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DEI / Municipal government / Technology / Transportation

E-scooter company Spin is offering users $100 promo codes in exchange for letters of support to Pittsburgh elected officials

After months of debate about the scooter pilot program, critics say the company's offer amounts to a bribe.

A pair of scooters from Spin. (Courtesy photo)
The debate over e-scooters in Pittsburgh has become even more contentious.

The City of Pittsburgh’s two-year permit allowing Spin to rent its scooters to residents through the Move PGH program is set to expire in July 2023. That means the city has a choice to make about whether the program should remain in place. The pros and cons of allowing the e-scooters to stick around have been hotly debated in Pittsburgh City Council chambers and online in recent months.

This week, users reported that Spin is offering a $100 promo code to frequent riders who draft letters in support of not only the pilot program, but proposed legislation — Senate Bill 692 — legalizing electronic scooters throughout the Commonwealth.

The email, which Spin user James Santelli shared with, was sent to “top riders” and includes ready-to-fill-out prompts that could be sent to city councilmembers. Spin requests that users forward them a copy of the letter or BCC the company as proof that the task has been completed.

“Your support is crucial in ensuring the continuation of the scooter program in Pittsburgh, and we sincerely thank you for your participation,” the email reads. “Should you have any questions or require further assistance, please do not hesitate to reach out to us.”

Spin did not immediately respond to’s questions about what prompted this offer.

Councilmember concerns

In mid-April, City Councilmember Barb Warwick (D-District 5) held a legislative hearing so council members could hear from the individuals who know the e-scooters and their users best to help them make an informed decision about whether to extend Spin’s permit.

Reps from the company and the Department of Mobility and Infrastructure (DOMI) testified that they believe the e-scooters to be a safer and cost-effective alternative to cars. Yet during a public hearing following the legislative session, several residents, including accessibility advocates, said they feel the orange and black machines are a nuisance at best, and an ableist obstacle at worst.

In late May, Warwick wrote an op-ed expressing wariness of the pilot program after hearing such a contrasting testimony about how the e-scooters were impacting Pittsburghers’ everyday lives. While Warwick acknowledged that some people had had positive experiences with the Spin scooters, she said she was disheartened to hear that they restricted the movement of so many disabled residents.

“When public opinion is split, city leadership needs to look at the numbers. What does the data say about how shared e-scooters are benefitting Pittsburgh as a whole?” Warwick wrote.

Additionally, she was concerned that the data DOMI and Spin presented to Pittsburgh City Council were incomplete.

“Unfortunately, the only numbers we have are based on reporting from Spin,” Warwick wrote. “Rather than scientifically gathering data on ridership, Spin invited its users to take a survey. So, when 48% of riders ticked the box for commuting, we’re left with follow-up questions.”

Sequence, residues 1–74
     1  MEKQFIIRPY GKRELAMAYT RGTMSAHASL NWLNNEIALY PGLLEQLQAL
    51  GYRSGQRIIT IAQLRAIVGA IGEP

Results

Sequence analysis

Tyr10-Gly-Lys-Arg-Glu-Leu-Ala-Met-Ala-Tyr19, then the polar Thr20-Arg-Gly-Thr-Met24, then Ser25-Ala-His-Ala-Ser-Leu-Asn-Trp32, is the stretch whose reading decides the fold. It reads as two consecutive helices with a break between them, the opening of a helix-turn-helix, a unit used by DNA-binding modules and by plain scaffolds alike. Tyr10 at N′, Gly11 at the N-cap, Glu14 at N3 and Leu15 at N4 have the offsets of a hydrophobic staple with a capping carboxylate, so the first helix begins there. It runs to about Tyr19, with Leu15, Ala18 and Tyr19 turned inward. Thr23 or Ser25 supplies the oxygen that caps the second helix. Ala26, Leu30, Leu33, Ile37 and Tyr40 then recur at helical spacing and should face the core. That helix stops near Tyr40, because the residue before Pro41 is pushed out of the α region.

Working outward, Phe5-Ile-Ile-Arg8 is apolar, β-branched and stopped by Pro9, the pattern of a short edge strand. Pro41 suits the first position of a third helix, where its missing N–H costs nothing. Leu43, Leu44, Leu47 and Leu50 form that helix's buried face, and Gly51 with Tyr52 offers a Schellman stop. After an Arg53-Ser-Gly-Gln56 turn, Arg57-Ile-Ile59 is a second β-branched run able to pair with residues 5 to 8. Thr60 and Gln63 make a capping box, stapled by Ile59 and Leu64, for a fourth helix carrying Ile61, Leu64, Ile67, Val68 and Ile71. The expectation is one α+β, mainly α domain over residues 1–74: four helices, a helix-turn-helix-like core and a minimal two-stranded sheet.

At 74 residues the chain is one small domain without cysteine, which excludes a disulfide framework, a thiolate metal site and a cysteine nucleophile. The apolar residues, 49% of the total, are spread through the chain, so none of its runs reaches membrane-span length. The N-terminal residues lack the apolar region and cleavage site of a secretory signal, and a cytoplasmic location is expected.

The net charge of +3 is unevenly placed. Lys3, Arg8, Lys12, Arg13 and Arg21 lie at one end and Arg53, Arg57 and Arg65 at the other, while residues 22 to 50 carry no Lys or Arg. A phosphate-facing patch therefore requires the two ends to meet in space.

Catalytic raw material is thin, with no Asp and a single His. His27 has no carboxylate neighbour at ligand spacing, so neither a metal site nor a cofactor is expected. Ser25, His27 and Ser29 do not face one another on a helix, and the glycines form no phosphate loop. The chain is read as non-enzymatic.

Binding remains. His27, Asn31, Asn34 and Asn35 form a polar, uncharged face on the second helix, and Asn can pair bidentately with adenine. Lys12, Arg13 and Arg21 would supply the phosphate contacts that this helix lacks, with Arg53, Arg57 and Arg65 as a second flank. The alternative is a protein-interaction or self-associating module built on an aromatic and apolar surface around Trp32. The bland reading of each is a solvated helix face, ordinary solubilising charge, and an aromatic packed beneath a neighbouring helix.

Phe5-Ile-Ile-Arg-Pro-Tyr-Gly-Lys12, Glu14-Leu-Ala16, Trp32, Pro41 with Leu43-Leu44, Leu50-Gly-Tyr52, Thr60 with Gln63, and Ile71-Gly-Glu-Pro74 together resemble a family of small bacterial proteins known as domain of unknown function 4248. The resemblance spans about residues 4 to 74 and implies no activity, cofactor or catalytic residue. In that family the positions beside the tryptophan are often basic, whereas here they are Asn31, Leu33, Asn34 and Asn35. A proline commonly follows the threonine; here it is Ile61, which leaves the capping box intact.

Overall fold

Resident protest

Dan Yablonsky, communications director for advocacy org Pittsburghers for Public Transit, has a less than charitable interpretation of the company’s actions.

“I think we have to be clear about what it is and it’s $100 bribe for scooter users to join in this company’s lobbying efforts to get elected officials on board,” Yablonsky told on Friday. “And that this is the clearest evidence that we have seen to date that this entire scooter pilot the MovePGH program has been biased from the start.”

Although Pittsburghers for Public Transit has been one of the program’s most vocal critics, it’s seen detractors with a more personal reason to object to it. Among them has been Kate Chertik, whose brother Lawrence Chertik died on Feb. 20 after injuries sustained from hitting a pothole while riding a Spin scooter.

Two months later at the legislative hearing, DOMI Director Kim Lucas told City Council that the department had only heard of 37 reported injuries and zero fatalities out of almost 1 million total trips. Yet as PublicSource points out: “The problem is that the reporting system relies on users who have a problem, such as an accident that causes injury, tapping a button (an exclamation point in the corner of the screen) on the app. In Lawrence Chertik’s case, he died before reporting his injury or even reporting on the app that his ride had ended.”

Now, Kate Chertik has launched a petition calling for e-scooters to be banned within Pittsburgh city limits. Within the petition, she accuses Spin of a lack of transparency about how many e-scooter-related injuries have occurred and criticizes their most recent outreach, calling the $100 promo code offer an attempt to “buy” support.

“Spin, the scooter company, has withheld information from the city in regards to accidents, injuries, and deaths; they’ve only highlighted the positive aspects of their pilot program, which is their companies [sic] profit,” Chertik wrote.


This is a developing story.

Atiya Irvin-Mitchell is a 2022-2024 corps member for Report for America, an initiative of The Groundtruth Project that pairs young journalists with local newsrooms. This position is supported by the Heinz Endowments.
Companies: City of Pittsburgh

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